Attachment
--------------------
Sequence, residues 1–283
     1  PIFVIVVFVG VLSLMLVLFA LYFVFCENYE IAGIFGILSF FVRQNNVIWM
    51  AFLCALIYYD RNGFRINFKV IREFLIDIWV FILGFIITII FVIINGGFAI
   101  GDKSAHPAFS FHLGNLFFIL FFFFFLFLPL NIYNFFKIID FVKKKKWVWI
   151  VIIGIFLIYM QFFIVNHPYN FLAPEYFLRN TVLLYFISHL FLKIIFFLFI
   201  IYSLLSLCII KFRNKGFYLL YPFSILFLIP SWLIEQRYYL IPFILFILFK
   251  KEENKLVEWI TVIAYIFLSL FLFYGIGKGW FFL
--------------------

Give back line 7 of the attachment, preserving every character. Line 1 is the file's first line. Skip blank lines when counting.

   251  KEENKLVEWI TVIAYIFLSL FLFYGIGKGW FFL